How did healthcare compliance fare in 2015? Overall, it was quite a busy year for the OIG and various organizations, with noteworthy settlements and enforcement activities beginning as early as January. The OIG excluded 4,112 individuals and entities from participation in Federal healthcare programs in FY 2015.
The Health Care Compliance Association will hold a web conference on January 21, 2016 for a more in-depth review on the past year’s fraud and abuse history. In the meantime, let’s take a brief look at some of 2015’s OIG compliance highlights.
Successful Health Care Fraud Takedown
Last June 18, a nationwide sweep led by the Medicare Fraud Strike Force in 17 districts resulted in charges against 243 individuals for their alleged participation in Medicare fraud schemes. Some important facts and figures in the takedown:
- It included 46 doctors, nurses, and other licensed medical professionals
- It involved approximately $712 million in false billings
- The coordinated effort between the Department of Justice and the Department of Health and Human Services resulted in the biggest number of defendants charged and loss amount in the history of the Medicare Fraud Strike Force.
Consequently, the Centers for Medicare & Medicaid Services (CMS) also suspended a number of providers using its suspension authority as provided in the Affordable Care Act.
Some of the first settlements with the OIG began as soon as the new year rolled around. These included self-disclosure cases, excluded individuals, and fraudulent claims. The following are a few examples of the early settled cases of 2015; for the full list, click here.
- On January 7, 2015, the Healthcare Authority for Medical West (Medical West), Alabama agreed to pay $431,041.28 after a self-disclosed report to the OIG for allegedly employing an excluded individual.
- A Georgia physician named Dennis Conrad Harper agreed to enter into a $305,168.54 settlement agreement (effective January 20, 2015) with the OIG. The OIG charged him in a False and Fraudulent Medicare Claims Case for overbilling in-office urine drug testing.
- On January 30, 2015, Trinity Medical Center of Birmingham, Alabama entered into an agreement with the OIG for $111,969.11 settlement. It was to resolve charges that the hospital employed an individual excluded from participating in any Federal healthcare programs, and for charging Federal healthcare programs with services rendered by said individual.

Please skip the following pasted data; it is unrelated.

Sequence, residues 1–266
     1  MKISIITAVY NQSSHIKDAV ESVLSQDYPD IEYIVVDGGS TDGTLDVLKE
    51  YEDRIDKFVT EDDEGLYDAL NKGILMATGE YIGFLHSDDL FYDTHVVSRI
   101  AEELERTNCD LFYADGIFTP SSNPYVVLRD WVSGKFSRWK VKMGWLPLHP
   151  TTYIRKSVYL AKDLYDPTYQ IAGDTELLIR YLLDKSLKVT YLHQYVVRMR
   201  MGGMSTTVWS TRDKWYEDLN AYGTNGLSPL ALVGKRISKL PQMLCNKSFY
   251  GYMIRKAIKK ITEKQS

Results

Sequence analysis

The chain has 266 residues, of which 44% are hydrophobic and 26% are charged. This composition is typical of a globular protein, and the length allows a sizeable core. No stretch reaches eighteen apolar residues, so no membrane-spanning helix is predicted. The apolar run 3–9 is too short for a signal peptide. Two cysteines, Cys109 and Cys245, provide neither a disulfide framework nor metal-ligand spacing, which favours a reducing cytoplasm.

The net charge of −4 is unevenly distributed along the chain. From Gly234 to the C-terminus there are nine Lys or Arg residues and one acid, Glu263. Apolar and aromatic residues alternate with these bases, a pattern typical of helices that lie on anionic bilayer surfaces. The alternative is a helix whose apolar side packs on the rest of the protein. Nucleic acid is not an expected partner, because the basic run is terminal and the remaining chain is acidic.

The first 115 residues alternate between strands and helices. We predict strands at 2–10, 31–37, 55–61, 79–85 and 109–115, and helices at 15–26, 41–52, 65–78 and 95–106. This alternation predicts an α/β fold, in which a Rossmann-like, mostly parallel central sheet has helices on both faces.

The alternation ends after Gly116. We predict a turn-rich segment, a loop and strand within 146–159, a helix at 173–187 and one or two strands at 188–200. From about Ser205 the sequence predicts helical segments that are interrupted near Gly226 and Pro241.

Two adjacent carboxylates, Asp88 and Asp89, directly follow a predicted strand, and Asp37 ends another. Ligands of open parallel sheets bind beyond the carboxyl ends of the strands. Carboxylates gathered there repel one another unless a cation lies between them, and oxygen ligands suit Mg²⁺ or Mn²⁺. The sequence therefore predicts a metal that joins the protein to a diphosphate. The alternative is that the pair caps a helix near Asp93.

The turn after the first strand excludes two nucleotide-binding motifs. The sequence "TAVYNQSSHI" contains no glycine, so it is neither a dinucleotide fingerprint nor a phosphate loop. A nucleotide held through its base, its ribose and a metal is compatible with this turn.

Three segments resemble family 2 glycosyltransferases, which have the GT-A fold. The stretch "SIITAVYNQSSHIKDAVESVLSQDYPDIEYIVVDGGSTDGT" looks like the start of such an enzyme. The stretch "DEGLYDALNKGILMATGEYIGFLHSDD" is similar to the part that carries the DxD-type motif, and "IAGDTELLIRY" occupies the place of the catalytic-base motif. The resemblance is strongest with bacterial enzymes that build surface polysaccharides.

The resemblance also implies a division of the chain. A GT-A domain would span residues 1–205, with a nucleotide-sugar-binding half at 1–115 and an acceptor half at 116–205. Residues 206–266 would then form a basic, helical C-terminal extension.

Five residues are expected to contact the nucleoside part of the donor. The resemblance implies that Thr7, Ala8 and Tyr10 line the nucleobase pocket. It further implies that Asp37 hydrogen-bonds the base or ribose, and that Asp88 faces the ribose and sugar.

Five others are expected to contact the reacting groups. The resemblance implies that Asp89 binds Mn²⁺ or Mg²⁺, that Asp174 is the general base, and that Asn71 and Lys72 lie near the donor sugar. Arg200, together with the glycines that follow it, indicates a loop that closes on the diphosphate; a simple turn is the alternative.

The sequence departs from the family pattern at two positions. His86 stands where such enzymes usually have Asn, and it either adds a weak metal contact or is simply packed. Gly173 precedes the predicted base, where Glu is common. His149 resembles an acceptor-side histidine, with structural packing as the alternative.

A Year’s Worth of Criminal and Civil Enforcements
It was also a full year for convicting those who committed health care fraud. From January to December 2015, various individuals and institutions were meted with indictments ranging from paying penalties to being sentenced to prison. Below are some of the more prominent cases that made it to the 2015 Criminal and Civil Enforcements archive.
- As early as March 2015, one of the biggest OIG CMPs – amounting to $12.64 million – was paid by Sandoz, Inc. to settle allegations that it misrepresented drug pricing data to the Medicare program.
- Last September 29, 2015, the owner of an Orlando health care clinic was sentenced to five years in prison for engaging in a $2.4 million health care fraud scheme.
- The owner of two medical clinics in Brooklyn, New York, pleaded guilty last October 2015 to her role in a $55 million health care fraud and money laundering conspiracy.
- In early November, Dr. John Katsetos of Fairfield, Connecticut, was sentenced to 7 years in prison for illegally prescribing narcotics and defrauding government healthcare programs.
Most Wanted Fugitives Arrested
Then there were the fugitives from healthcare compliance – the people who literally ran off with the money. Let’s take a quick look at a couple of the more notorious captured and sentenced individuals, along with the cases they tried to run away from.
For a complete profiles of 2015’s captured fugitives, click here.
- The OIG’s Most Wanted Fugitive, Ubert Guillermo Rodriguez, was captured on October 9, 2015 at the Miami International Airport. He was indicted in July 2013 on 14 counts of health care fraud. Rodriguez was the president of a medical supplies company which he used to submit false claims – resulting in $918,402 of Medicare reimbursement for him.
- On April 16, 2015, Felix Gonzalez was sentenced to 113 months imprisonment and ordered to pay $21 million in restitution, joint, and several. Gonzales pleaded guilty on January 9, 2015, for conspiracy to commit healthcare fraud. He was a fugitive who returned to the United States in September 2014 and was also arrested at the Miami Airport.
$3.35 Billion Expected to Return to Taxpayers
In a recently issued report by the OIG, American taxpayers are expected to see $3.35 billion in improperly spent Federal health care dollars returned to the Government from oversight work, including audits and investigations. The report also mentioned $20.6 billion in estimated savings resulting from legislative, regulatory, or administrative actions that were supported by report recommendations.